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Poet Coleridge's family home contents fetch more than expected at auction

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The contents of a house where 19th century English poet Samuel Taylor Coleridge often stayed were on Tuesday sold for nearly half a million pounds more than expected in an auction that attracted bids from around the world.

The day-long sale, which was organised by auction house Sotheby's, was expected to bring in one million pounds (1.87 million dollars, 1.5 million euros), but managed to total 1.49 million pounds, including buyers' premiums.

The auction, held in Ottery St Mary, Devon, southwest England, featured over 500 items, including a pedal-powered rickshaw, and two black caps worn by judges in the 19th century while they were pronouncing the death penalty.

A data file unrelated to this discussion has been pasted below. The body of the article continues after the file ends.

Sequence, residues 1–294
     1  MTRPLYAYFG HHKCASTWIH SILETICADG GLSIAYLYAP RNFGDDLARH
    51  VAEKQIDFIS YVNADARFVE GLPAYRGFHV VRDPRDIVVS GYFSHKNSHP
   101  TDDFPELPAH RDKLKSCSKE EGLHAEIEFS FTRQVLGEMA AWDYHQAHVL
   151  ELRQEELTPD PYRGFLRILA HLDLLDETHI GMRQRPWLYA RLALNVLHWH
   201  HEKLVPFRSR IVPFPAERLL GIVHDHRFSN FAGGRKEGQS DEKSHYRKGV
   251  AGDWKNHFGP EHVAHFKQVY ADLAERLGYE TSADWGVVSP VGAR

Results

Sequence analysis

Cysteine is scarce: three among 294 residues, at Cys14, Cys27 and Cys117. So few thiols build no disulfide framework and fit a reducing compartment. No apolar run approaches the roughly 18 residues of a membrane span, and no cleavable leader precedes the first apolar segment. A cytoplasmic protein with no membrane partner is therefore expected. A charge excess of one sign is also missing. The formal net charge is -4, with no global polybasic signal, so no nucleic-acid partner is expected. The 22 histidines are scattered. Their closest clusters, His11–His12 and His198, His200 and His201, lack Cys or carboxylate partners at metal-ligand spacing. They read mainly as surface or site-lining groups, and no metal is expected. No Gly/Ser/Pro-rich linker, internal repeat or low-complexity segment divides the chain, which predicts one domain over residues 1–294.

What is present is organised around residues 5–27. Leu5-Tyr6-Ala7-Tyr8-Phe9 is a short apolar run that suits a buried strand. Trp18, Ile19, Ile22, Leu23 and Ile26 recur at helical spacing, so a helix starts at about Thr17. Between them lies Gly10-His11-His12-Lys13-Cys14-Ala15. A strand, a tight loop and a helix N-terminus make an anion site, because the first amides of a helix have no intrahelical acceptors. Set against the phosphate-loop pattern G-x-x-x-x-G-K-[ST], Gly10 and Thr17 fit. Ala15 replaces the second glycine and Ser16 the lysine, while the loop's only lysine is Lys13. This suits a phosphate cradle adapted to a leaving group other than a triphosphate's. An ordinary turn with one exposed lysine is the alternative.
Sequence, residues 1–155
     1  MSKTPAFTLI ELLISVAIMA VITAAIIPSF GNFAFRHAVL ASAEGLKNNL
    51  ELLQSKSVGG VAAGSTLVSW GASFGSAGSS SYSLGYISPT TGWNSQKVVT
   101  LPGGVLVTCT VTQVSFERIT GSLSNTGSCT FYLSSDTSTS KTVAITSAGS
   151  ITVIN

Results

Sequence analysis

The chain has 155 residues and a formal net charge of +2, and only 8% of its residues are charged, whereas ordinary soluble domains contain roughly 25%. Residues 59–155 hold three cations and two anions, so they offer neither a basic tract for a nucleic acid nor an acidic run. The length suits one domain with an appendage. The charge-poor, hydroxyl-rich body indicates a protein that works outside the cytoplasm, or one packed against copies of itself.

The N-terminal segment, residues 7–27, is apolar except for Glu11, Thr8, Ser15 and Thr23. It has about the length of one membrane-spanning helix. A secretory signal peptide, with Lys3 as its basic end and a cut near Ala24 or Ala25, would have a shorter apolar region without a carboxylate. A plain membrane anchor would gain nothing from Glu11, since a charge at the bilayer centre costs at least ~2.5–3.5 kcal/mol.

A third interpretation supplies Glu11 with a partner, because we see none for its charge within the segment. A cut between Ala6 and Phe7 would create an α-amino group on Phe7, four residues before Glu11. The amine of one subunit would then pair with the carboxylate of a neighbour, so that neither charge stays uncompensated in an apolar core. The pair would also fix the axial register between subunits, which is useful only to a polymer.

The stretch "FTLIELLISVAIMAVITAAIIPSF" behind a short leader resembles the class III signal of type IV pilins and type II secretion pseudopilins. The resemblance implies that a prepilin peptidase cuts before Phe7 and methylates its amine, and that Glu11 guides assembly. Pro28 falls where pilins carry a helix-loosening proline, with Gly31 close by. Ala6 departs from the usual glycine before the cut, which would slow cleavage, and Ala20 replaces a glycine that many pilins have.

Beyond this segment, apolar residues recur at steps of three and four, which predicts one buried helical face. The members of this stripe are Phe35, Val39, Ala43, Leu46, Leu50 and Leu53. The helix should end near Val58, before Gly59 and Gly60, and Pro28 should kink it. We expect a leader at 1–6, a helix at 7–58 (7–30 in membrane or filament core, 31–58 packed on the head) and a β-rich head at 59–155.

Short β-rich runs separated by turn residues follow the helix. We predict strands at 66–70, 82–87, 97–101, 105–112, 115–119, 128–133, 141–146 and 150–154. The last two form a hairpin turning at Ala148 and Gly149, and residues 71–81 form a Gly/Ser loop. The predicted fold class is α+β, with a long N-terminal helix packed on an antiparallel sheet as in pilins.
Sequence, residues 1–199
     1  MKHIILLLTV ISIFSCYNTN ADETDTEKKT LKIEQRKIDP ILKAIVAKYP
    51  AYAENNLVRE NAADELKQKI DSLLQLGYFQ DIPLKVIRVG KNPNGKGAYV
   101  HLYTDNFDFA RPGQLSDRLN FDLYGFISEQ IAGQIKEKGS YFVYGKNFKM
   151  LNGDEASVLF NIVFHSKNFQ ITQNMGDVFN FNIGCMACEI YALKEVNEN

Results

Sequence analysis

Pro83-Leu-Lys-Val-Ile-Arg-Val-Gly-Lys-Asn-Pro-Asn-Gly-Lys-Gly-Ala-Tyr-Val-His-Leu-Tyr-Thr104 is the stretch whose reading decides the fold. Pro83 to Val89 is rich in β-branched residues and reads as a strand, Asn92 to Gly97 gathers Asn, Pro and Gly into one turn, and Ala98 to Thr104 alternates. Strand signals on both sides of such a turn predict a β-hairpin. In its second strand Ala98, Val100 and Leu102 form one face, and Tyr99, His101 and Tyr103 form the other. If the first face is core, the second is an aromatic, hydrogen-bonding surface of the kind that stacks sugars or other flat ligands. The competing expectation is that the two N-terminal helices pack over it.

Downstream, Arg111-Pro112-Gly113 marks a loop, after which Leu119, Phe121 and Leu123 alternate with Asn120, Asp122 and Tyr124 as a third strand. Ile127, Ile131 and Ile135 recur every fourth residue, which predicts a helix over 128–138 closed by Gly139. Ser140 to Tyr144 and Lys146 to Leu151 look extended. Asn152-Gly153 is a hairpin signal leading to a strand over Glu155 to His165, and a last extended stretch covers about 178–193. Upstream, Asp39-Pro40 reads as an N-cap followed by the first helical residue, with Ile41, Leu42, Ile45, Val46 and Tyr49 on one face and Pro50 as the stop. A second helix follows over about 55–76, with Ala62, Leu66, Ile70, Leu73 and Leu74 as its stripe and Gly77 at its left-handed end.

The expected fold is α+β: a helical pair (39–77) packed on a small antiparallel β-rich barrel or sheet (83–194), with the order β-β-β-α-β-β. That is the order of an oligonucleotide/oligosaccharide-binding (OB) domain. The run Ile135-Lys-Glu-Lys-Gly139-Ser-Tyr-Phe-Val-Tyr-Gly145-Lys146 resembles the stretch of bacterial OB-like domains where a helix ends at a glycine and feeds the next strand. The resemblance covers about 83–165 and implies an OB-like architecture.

One item, a family portait by Charles and Edwin Landseer, fetched 84,000 pounds, including the buyers' premium, making it the most expensive item sold -- the oil painting had been expected to go for 30,000 pounds.

The rest of the items were sold to a room full of bidders, along with those who indicated their interest over the 15 telephone lines provided.

The house, which sits up a tree-lined drive in a country town, is a Grade Two listed building, which means it is of special interest to the public, and warrants every effort to maintain it, and was home to seven generations of the poet's family.

Coleridge, the poet, was said to be a frequent visitor to the house, and apparently had his own favourite bedroom there.

The extensive grounds, which were in his day owned by his elder brother, have been home to poets, artists, soldiers, bishops and judges -- at one point, two British High Court judges, a Lord Chief Justice of England, a member of Parliament, and the Executive Secretary of NATO all successively lived there.



AFP 242004 GMT 10 06

COPYRIGHT 2006 Agence France-Presse. All rights reserved.

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